Once you learn to read the abbreviated entries, you'll see that the listing above gives the size and type of boat, its registered name and number, the size and type of engine, the year of seizure (first two digits of the seizure number), and the deposit required to qualify you as a bidder. Not all auctions stipulate a bidding deposit, and a deposit doesn't constitute a bid, or even a minimum-required bid. (In the case of the Thomas E, the big net-dragger was appraised at between $18,000 and $25,000, and was sold to the highest bidder for a mere $6,500.)
Locations of Government Auctions
A scan of the last few issues of NAB shows that auctions were held in California, Colorado, Delaware, Florida, Georgia, Massachusetts, Michigan, North Carolina, Oregon, Puerto Rico, and Rhode Island. Though the highest number of auctions are held in coastal and border areas of the country, the sales have to follow the smugglers . . . and with all the things Uncle Sam has decided to deny entry to, smugglers are just about everywhere these days. So, almost no matter where you live, you're likely to eventually find the boat or plane of your fantasies at one of these auctions. And if the vessel of your dreams isn't stored nearby, mail-in bids are generally accepted.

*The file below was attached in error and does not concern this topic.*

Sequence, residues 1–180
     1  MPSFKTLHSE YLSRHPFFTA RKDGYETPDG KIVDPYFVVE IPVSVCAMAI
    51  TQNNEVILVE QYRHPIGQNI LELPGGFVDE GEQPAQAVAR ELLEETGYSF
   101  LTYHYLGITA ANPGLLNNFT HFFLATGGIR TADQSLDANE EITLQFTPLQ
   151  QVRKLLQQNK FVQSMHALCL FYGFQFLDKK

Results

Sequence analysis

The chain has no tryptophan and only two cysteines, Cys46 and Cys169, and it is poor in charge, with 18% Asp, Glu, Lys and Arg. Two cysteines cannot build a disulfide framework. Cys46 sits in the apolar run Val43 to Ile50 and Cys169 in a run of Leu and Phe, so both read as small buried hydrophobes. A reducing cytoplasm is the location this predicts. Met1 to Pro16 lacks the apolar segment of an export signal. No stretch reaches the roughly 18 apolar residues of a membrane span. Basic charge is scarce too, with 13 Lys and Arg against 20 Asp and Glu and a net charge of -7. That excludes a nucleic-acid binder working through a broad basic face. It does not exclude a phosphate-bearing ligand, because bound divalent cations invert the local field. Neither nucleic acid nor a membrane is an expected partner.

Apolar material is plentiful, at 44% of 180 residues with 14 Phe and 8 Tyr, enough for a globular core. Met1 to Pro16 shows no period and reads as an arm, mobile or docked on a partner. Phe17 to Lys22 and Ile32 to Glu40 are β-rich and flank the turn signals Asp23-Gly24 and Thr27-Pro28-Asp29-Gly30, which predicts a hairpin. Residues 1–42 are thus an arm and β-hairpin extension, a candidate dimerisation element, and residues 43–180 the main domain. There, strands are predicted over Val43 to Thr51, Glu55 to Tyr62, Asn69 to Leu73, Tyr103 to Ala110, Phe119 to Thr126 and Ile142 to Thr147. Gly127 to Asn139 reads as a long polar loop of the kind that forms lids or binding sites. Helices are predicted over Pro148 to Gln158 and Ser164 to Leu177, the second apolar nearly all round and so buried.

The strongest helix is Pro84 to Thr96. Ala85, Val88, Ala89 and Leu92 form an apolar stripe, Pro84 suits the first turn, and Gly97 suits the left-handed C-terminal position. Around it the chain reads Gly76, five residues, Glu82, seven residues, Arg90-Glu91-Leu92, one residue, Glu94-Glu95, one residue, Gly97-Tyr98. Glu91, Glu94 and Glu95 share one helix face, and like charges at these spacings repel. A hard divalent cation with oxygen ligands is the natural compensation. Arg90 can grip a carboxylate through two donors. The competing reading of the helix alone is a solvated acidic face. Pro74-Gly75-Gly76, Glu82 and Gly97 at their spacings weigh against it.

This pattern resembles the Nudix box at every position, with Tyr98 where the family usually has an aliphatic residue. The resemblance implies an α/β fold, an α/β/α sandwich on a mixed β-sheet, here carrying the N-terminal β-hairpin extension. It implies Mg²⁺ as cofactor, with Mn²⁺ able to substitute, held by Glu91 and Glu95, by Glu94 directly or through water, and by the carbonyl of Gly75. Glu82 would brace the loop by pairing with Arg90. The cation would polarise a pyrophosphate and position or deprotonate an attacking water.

If you decide to participate in an auction, keep in mind the age-old economic wisdom of caveat emptor, or "let the buyer beware". No, that's not to say that the government's out to stick you with a lemon . . . just that there're a few game rules you'll want to know before plunking down your hard-earned loot. Let's run through the sequence.